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Mama’s Last Hug explores the fascinating world of animals and their emotions through the eyes of primatologist Frans De Waal. The book begins with the death of chimp Mama, who shares a tearful last hug with her biologist that goes viral on social media. The story forms the core of Waal’s arguments throughout the book, as he showcases that animals are just as capable of displaying the full range of emotions humans have, such as fear, jealously, and love. The book showcases how differently we can view the world and uses emotional stories to tell its theories, creating a profound moving experience.

 

2. Nanaville: Adventures in Grandparenting by Anna Quindlen

 

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Nanaville: Adventures in Grandparenting is a tender and thoughtful read by Anna Quindlen. In the age before blogs, Anna Quindlen wrote about the challenges and joys of family life in her syndicated column. Now, as a grandmother, she’s chronicling her own adventures in this phase of her life. She reflects how she’s no longer the main character of her life but a secondary one, a mentor to her grandson and a supporter of his parents. She provides an illuminating, funny, and thoughtful book, full of observations and showcasing how growing old isn’t so bad.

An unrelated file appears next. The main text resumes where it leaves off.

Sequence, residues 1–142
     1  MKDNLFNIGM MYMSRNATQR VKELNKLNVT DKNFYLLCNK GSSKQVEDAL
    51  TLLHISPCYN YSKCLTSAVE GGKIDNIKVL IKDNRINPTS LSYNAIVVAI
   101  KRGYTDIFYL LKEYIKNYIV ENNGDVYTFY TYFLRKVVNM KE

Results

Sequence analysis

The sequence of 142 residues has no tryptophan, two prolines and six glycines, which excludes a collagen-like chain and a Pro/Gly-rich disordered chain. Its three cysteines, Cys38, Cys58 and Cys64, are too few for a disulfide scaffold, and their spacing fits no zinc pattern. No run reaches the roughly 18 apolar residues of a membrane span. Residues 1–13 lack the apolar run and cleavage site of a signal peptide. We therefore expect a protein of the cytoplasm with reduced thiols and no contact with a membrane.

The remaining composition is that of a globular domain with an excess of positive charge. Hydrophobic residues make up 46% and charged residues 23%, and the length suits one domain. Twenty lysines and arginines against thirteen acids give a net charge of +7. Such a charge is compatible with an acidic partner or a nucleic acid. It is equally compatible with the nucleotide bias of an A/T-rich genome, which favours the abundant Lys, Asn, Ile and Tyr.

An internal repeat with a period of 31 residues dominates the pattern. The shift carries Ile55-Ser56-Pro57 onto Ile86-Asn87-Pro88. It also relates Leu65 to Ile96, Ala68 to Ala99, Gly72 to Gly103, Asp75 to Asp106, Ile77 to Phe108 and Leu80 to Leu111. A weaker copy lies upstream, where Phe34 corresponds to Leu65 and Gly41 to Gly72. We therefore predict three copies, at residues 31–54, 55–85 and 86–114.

1. The Second Mountain: The Quest for a Moral life by David Brooks

 

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The Second Mountain by David Brooks is a book about helping find a more meaningful existence, especially in today’s world. Brooks looks at several tenants about modern life, including one’s family, spouse, philosophy, faith, and one’s chosen vocation. Both a helpful guideline to how to live a better existence and an engaging social commentary, this book will help you take a good look at your life and see if its really as meaningful as you want it to be. After all, the path to self-discovery starts by looking within.